Mindfulness: Allow It

Common to all humanity, at least in my opinion, is the struggle to avoid pain. This includes avoiding the pain that can heal us as well.

I dropped a 45lb plate on my big toe a few years ago. That toenail eventually fell off. As it started to grow back, I dropped a tractor tire on it. Because the growth process took so long, I developed a callous that the nail could not extend past. When the nail could no longer grow, it began pushing back into the nail bed, causing pain. So, I went to the doctor and had my toenail permanently removed. Let me explain that process in the least graphic way possible. I was given a few shots in my toe, had the toenail cut out, acid was poured into the nail bed to prevent regrowth, and then alcohol was used to neutralize the acid. Overall, it wasn’t a bad experience. I went to the gym a couple hours later and had no problems. When I returned to the doctor about 10 days later, the toe needed debriding. I was not numb for this. It gets worse. After the doctor had debrided the toe, he noticed that part of the nail bed was not dead. Again, without being numb, he took a scalpel and tweezers and dug at the nail bed. He then used acid to kill it and alcohol to neutralize the acid. Imagine what that is like without a numbing shot. It needed to be done. The wound needed to be cleaned. The toe would’ve had more problems if the toenail grew in wrong.

Admittedly, the stupid toenail still managed to grow back, and I’m too afraid to have it worked on again. If it gives me problems, I will endure the pain of having it removed again.

That brings me to the real point. We are going to endure pain no matter what. The question is whether we will endure the pain that never changes and leaves us stuck or the pain that brings healing, growth, and opportunity.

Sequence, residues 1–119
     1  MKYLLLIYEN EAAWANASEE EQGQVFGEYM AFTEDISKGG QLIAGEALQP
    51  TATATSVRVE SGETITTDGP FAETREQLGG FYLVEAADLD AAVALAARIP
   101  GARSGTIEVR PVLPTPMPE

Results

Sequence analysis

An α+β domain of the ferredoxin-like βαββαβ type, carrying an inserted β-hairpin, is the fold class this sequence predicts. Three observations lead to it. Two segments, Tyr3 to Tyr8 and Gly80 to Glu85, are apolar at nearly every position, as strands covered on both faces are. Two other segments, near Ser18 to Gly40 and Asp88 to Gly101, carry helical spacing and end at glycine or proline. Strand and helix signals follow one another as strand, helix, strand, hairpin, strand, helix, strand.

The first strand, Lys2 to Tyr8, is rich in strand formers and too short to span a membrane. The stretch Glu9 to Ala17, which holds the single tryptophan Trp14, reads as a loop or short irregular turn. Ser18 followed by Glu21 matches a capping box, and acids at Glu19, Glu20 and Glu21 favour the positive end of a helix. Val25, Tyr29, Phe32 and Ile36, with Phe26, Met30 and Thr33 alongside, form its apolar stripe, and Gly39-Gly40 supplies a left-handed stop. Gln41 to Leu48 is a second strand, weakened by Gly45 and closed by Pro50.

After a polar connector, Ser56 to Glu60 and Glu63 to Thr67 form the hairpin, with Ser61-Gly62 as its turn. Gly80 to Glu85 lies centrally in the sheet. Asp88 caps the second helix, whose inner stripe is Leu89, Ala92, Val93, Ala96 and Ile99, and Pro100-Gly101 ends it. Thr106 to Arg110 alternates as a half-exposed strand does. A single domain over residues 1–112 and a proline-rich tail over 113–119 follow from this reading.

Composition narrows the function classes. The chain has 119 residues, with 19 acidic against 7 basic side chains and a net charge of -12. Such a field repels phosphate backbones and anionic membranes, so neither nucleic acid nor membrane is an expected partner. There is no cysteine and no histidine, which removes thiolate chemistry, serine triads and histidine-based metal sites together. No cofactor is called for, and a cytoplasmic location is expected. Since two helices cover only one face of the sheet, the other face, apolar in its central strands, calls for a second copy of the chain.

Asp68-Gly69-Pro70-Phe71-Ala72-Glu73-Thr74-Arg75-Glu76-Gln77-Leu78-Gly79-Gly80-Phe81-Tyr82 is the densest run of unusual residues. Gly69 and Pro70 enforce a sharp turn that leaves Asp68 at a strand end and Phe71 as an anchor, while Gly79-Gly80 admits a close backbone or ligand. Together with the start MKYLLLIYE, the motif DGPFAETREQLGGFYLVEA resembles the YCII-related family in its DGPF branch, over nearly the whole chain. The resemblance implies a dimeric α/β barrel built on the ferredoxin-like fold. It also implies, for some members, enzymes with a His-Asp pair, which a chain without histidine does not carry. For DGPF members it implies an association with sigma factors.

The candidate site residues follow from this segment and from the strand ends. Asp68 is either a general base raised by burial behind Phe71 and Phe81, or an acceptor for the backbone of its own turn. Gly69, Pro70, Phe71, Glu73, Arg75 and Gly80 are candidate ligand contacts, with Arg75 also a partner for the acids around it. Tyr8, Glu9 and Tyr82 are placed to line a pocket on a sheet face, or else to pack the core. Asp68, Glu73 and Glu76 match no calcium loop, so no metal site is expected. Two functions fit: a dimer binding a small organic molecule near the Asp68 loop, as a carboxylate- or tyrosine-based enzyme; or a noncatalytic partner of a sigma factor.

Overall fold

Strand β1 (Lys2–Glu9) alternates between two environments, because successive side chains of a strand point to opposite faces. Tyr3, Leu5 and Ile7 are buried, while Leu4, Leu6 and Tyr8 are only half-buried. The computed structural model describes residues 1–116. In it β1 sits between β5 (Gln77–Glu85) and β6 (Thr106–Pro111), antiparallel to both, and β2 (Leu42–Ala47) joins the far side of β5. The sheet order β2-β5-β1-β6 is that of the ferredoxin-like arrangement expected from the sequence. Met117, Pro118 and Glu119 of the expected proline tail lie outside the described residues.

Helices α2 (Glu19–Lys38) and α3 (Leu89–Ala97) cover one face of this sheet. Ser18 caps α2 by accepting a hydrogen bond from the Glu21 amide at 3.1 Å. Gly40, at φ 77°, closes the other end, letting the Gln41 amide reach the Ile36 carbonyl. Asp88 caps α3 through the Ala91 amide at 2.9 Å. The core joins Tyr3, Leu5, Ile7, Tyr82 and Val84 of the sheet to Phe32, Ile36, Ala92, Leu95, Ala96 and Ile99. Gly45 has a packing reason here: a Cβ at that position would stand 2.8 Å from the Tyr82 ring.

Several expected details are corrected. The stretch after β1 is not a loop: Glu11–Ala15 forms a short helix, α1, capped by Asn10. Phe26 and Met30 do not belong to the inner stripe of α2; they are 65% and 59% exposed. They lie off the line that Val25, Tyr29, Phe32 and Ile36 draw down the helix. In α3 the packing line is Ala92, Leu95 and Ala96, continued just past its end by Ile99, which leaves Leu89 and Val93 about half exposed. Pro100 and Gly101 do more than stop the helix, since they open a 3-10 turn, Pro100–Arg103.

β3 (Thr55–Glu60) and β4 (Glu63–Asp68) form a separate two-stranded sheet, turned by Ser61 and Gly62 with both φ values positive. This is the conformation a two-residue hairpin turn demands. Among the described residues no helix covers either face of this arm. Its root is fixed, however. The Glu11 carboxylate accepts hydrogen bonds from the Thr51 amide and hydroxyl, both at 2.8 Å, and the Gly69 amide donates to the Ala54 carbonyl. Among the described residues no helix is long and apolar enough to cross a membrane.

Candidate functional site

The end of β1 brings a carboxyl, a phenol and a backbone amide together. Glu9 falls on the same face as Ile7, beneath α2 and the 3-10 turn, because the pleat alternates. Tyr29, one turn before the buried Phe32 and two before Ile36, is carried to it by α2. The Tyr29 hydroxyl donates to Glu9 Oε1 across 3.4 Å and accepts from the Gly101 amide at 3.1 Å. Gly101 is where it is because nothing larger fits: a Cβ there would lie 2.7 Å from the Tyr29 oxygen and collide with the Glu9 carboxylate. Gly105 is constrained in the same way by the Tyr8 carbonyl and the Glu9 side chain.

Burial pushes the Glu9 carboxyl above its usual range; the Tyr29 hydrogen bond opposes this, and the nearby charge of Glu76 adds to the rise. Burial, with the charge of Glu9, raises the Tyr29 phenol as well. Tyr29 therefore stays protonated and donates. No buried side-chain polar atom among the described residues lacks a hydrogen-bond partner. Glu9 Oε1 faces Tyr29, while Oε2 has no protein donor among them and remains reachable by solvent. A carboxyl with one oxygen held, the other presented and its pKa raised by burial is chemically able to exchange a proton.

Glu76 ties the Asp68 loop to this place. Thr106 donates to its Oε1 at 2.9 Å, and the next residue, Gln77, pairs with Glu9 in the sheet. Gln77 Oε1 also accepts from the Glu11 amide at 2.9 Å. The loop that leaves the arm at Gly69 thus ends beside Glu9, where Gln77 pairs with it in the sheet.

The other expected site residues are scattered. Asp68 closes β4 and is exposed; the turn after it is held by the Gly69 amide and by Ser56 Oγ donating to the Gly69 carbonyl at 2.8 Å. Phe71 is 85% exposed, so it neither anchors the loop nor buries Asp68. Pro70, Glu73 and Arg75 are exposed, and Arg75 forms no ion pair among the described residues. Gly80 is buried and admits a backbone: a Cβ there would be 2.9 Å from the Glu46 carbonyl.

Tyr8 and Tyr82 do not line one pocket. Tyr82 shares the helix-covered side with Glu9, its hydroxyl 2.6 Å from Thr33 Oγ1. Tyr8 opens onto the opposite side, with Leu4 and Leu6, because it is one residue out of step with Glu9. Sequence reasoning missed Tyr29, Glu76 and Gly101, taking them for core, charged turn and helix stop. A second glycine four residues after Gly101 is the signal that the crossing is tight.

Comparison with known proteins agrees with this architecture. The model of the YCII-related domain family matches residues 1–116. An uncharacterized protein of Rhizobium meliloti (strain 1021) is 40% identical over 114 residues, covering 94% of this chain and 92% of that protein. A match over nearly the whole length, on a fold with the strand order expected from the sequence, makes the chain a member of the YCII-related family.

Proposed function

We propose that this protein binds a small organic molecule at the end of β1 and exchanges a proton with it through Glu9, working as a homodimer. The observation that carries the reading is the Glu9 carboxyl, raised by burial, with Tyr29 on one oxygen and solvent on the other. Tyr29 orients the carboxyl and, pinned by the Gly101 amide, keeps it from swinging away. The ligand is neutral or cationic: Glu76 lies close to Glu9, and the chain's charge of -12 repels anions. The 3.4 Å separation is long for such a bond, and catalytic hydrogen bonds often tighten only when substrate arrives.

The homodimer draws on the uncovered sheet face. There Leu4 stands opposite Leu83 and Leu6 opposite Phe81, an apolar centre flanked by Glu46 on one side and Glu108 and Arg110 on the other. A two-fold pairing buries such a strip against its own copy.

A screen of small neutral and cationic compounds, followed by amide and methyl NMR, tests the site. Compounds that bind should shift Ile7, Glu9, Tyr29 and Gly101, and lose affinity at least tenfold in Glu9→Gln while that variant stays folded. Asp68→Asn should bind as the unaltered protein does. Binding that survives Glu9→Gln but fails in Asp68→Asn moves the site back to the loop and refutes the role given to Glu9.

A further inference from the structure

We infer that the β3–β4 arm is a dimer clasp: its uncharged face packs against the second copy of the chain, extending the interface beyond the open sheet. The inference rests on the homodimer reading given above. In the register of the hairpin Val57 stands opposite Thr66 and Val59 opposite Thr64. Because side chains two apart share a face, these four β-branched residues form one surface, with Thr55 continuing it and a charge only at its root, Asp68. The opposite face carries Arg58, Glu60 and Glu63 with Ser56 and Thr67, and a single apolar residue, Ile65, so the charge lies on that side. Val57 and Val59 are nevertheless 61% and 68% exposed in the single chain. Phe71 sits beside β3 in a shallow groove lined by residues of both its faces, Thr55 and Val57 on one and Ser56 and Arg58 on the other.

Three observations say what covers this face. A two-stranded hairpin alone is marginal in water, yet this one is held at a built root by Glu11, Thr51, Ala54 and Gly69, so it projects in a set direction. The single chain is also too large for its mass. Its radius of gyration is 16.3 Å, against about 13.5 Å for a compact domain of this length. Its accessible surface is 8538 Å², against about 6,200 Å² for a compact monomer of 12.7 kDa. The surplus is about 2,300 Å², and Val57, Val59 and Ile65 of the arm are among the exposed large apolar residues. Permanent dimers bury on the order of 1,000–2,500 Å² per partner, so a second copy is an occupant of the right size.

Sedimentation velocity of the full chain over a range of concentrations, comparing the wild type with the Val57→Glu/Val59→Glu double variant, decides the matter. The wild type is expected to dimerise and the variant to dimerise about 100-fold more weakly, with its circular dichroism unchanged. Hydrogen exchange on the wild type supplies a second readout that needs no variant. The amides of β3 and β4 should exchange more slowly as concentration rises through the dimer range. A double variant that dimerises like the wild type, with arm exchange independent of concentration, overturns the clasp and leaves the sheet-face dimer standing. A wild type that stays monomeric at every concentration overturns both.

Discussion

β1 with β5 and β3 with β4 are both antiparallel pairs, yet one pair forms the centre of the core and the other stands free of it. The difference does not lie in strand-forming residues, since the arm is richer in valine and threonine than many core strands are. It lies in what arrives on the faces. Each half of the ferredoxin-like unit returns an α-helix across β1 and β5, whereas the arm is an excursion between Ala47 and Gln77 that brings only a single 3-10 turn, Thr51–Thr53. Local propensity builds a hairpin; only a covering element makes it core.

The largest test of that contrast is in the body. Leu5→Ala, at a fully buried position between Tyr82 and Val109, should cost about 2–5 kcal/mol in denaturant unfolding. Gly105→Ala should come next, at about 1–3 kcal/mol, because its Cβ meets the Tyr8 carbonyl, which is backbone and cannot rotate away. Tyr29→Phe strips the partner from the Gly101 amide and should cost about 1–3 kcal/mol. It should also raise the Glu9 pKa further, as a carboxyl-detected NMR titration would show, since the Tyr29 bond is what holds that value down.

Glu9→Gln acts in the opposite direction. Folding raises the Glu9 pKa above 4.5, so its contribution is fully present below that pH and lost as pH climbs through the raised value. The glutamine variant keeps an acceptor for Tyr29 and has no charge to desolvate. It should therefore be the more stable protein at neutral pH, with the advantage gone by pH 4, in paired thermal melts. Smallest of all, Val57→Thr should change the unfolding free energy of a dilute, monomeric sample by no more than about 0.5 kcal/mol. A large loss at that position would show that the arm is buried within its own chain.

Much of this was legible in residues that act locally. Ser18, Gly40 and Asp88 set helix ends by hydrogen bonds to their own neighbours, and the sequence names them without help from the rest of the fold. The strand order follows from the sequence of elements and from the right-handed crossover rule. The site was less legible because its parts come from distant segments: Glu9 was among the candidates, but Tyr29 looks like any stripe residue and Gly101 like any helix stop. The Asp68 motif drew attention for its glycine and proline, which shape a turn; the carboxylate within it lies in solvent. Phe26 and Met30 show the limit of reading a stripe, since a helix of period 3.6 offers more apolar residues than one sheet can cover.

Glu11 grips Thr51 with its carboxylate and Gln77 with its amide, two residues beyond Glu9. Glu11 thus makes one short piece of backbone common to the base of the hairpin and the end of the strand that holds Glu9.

I have been seeing a therapist for years; I have been seeing my current one for five years. For most of those five years, in keeping with the above illustration, I have endured the pain of a toenail trying to grow when it can’t. I have shown up time and time again, knowing it needs to be removed without being numbed, and I decide the pain can’t possibly be worth it. It isn’t that I make that conscious decision. I know what the pain of having a toenail feels like. I don’t know what the pain of removing it feels like.

The pain of trauma—keeping it a secret, hiding in the shadows, believing I brought it on myself, shame over the circumstances and who it was, and thinking no one can accept my experience or ME—is familiar. It is easier because it is familiar. It is easier because it is predictable. The thing is, being able to share it—actually saying what happened to give me a voice and know someone is listening, standing in the spotlight of my experience, allowing my experience to be normalized—or not, saying who it was, and giving myself compassion while it is also modeled for me—that is how the healing happens. But that is an excruciating process. It requires feeling.

If you follow my blog at all, you know I willingly opened up the wound. I started the debriding process, so to speak. I have cried; I have been confused. I have hurt. I have been angry. I have felt insecure, unloved, disgusted, betrayed, and so much more.

I started off most recently with an email to my therapist. I didn’t think I could speak what I was thinking, but I knew I could communicate it. I was willing. Willingness, for me, often comes from a gentle push. The gentle push can be simple reassurance, compassion, courage, and, in this case, something I heard in my Mindfulness-Based Stress Reduction class.

“Allow it to be here because it already is.”

Why would I continue to fight something that is already here? It already happened. It hurts. It consumes me. It prevents me from being who I could be. It is HERE. Why shouldn’t I speak it? It already exists. It isn’t like I am actually speaking it into existence.

Now, when I sit in my therapist’s office, meditate, work out, hike, or whatever may be painful at the moment, I remind myself it is already here. Why fight what I am already experiencing? Allow it.

When I allow the discomfort, it passes. When I fight it, it gets bigger…and I get smaller.

“Allow it to be here because it already is.”

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